Time didn't matter any more. Blind and bedridden, Allen slept when he could and tried to ignore the blipping of machines when he couldn't. The blindness was still new and it astounded him. It was so powerful. It took so much and gave so much. He could hear conversations from fifty feet away. He could smell the rib joint at the end of the block. He had never imagined before that there was so much to see just inside his own head.
Nurses fluttered in and out. He could not see them of course, but it made him picture a soft summer afternoon, drifting in and out of a nap, watching the thin curtains billow and then retract. This is how he saw the nurses. Occasionally, he imagined them as old time nurses with white uniforms and the little hats. He would never have been able to connect the soft, caring hands with green scrubs and neck tattoos. The blindness was a blessing.
Pain. A lot of time to think about pain. Everyone experiences pain, but not everyone gets to experience real pain. The accident had left Allen broken. His pelvis, shattered. Legs snapped. Spine a jumbled mess of jigsaw laziness. His pain was a vibrant, living thing. It made his breath catch. Sometimes, a muscle would spasm and his brain would erupt into a bright, ungodly red. Throbbing. He would grind his teeth and swallow it. Sometimes, the pain would turn him off. Blackness. Sometimes, the nurses would.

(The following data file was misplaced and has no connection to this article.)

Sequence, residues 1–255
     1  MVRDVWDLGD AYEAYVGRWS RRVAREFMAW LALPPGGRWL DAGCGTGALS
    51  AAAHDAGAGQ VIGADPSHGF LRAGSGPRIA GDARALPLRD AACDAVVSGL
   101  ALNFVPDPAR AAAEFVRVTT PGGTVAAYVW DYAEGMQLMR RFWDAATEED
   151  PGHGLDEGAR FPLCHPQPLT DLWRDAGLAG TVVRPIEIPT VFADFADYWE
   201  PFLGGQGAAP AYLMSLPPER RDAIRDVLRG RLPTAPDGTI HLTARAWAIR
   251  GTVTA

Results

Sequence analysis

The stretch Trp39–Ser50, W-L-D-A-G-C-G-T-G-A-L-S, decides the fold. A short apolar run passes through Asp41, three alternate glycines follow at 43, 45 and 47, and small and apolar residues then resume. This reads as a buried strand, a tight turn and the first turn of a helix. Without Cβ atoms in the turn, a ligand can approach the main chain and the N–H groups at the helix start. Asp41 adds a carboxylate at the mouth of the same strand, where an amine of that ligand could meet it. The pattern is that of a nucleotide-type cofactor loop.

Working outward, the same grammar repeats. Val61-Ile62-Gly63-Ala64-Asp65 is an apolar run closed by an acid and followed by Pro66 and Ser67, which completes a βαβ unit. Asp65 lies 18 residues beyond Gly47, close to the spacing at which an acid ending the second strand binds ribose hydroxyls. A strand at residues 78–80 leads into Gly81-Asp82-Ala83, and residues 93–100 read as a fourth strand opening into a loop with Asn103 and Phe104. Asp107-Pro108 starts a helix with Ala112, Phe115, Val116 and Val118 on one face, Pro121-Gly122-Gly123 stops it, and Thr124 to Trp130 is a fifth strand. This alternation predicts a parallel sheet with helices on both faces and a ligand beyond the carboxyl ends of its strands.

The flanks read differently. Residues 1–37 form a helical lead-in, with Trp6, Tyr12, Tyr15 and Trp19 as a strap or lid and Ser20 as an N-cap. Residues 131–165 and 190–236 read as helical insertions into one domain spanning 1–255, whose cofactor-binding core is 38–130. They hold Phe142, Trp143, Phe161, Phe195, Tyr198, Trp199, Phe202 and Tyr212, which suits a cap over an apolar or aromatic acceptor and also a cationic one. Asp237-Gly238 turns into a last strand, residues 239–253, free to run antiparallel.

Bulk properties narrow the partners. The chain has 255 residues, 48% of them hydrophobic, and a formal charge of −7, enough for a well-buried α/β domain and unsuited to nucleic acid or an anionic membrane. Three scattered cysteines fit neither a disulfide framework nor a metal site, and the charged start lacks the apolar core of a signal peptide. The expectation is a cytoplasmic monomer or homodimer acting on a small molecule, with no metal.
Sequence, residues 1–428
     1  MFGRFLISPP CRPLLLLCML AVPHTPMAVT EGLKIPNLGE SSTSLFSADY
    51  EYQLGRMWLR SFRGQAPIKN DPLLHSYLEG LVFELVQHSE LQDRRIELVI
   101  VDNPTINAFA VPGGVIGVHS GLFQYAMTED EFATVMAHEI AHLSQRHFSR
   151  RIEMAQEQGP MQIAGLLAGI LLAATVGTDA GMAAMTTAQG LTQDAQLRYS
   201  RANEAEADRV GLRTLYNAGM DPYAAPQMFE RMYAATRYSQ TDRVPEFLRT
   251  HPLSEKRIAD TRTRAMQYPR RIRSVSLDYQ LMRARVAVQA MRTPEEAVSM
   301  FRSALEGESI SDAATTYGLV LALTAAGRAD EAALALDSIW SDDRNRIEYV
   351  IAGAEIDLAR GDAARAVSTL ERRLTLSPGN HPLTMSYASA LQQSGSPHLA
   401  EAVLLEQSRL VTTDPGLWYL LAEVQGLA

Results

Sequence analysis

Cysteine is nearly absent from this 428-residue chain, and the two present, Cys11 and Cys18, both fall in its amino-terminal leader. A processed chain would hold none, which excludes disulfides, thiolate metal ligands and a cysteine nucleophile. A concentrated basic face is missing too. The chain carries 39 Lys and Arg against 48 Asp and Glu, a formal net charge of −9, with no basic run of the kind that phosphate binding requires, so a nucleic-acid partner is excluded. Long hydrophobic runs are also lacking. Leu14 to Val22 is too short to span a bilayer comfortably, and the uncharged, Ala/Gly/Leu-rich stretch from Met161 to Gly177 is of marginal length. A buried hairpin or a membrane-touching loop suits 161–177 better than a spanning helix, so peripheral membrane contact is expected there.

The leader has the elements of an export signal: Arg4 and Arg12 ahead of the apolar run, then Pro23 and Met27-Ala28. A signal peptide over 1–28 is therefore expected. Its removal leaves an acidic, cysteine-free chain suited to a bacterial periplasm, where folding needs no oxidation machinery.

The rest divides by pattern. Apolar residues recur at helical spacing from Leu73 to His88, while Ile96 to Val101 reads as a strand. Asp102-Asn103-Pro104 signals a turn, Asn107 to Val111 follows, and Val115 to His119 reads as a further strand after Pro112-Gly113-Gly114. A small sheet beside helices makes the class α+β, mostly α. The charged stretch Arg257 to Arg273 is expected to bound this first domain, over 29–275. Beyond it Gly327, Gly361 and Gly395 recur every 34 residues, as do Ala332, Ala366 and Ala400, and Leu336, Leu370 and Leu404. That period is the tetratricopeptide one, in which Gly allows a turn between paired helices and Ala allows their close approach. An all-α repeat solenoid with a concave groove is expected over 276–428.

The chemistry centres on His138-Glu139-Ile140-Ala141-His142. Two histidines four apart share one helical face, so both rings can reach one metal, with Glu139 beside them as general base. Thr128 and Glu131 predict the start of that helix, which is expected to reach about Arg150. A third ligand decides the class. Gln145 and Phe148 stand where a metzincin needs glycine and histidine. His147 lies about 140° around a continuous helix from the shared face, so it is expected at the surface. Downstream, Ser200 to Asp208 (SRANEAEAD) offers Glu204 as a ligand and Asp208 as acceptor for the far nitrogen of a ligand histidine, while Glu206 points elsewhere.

He liked the pain, though. That's what they didn't understand. They were always pushing morphine on him. And pills. The morphine was unavoidable. He always said no, sometimes they listened. The pills were easily disposed of. He liked to wake into the pain...to think, why God? Why me? And then to remember. To have the remembering wash over him like acid.
The doctors came by. They liked to look at him. Amaze each other with the details. A man that should, by all rights, be dead. And he would focus on the pain. He would dive into the bloody madness of it. And sometimes, the pain almost made it OK. His mistake. Their lives.